Finally, after a period of testing, they would have moved libanswer, print-answer and display-answer-pp in the official repositories in one swift update. They would have used a to do list like this one to coordinate the packaging tasks.

This means that if you try and update libanswer without upgrading every other package that depends on it, you risk breaking your installation - and that’s why partial updates are not supported on Arch Linux.

The Debian Way #

Debian maintainers use another strategy. When they package a library, they include its version number in the name of the package. What’s more, they have a separate development package that contains the files required for compiling programs that use the library. They also use a compilation trick called the soname option.

Let’s see how this works.

First, they tell gcc to use the correct soname option when linking the library 5:

$ gcc -I . answer.c -shared -Wl, -o

They use the outcome of the build to generate two packages:

  • libanswer-dev, that contains a symlink -> and the answer.h header
  • and libanswer1, that contains only the file

Then, they build display-answer-pp for the first time, using the libanswer-dev package:

$ g++ -lanswer display-answer.cpp -o ./display-answer-pp

Because was built with the option, the display-answer-pp binary now knows that it needs at runtime:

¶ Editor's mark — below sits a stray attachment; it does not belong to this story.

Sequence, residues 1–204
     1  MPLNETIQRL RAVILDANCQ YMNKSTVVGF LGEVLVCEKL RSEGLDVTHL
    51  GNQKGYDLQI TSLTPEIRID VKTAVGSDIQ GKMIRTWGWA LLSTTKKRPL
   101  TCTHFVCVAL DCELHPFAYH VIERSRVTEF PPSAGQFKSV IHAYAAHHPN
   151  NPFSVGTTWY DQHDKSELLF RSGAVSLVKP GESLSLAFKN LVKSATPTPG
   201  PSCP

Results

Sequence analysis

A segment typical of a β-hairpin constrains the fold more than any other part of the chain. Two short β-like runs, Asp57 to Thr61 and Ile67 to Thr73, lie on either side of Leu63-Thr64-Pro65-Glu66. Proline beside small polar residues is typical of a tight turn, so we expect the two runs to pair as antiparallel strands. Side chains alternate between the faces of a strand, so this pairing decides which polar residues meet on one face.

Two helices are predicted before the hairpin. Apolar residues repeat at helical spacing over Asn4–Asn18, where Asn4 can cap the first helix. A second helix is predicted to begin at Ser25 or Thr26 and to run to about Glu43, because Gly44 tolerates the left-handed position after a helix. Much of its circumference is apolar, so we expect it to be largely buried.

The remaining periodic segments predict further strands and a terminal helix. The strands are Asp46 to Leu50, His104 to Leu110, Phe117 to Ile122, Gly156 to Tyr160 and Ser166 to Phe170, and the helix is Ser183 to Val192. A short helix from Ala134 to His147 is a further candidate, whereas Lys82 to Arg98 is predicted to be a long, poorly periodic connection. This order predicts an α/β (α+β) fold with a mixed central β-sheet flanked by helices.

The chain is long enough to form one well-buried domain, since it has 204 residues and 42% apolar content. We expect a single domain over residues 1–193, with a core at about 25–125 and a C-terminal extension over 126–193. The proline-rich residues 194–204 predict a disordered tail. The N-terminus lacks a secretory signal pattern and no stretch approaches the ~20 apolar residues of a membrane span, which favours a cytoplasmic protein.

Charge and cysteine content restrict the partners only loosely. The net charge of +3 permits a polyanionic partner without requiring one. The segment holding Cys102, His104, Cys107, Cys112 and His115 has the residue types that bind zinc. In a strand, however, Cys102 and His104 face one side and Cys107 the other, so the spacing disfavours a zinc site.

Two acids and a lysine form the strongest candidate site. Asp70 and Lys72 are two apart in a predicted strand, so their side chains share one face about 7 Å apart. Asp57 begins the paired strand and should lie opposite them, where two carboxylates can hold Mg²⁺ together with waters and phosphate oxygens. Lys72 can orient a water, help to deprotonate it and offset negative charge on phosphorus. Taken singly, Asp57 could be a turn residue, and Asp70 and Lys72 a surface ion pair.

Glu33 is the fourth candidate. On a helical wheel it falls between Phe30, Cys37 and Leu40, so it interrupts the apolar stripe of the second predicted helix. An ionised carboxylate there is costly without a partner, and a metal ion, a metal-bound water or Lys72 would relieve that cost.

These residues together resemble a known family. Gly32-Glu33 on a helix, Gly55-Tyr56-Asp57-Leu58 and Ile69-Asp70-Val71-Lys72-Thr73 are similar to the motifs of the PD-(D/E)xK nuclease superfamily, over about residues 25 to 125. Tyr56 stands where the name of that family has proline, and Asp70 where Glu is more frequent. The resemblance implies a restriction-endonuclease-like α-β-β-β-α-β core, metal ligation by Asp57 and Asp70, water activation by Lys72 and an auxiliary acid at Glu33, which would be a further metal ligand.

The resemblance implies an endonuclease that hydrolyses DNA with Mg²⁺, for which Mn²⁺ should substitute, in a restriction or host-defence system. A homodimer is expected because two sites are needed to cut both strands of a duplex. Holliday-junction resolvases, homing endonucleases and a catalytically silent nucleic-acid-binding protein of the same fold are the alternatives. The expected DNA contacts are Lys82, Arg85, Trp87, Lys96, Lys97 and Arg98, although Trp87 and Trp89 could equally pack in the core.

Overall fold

$ readelf -d display-answer-pp
Tag                  Type               Name/value
0x0000000000000001 (NEEDED)             Shared library: []

When the v2 version of libanswer is published by The Experts, they rebuild the shared library with an appropriate soname:

$ gcc -I . answer.c -shared -Wl, -o

They use the outcome of the build to update the libanswer-dev package and to create a brand new libanswer2 package.

At this point:

  • libanswer-dev contains a symlink -> and the updated answer.h header
  • libanswer2 contains only the file

Then, they build display-answer-pp for the second time, using the updated libanswer-dev package:

$ g++ -lanswer display-answer.cpp -o ./display-answer

This time, display-answer-pp knows that it needs at runtime:

$ readelf -d display-answer-pp
Tag                  Type               Name/value
0x0000000000000001 (NEEDED)             Shared library: []

Let’s sum up:

  • Both libanswer1 and libanswer2 packages can co-exist in the same system, since they contain different filenames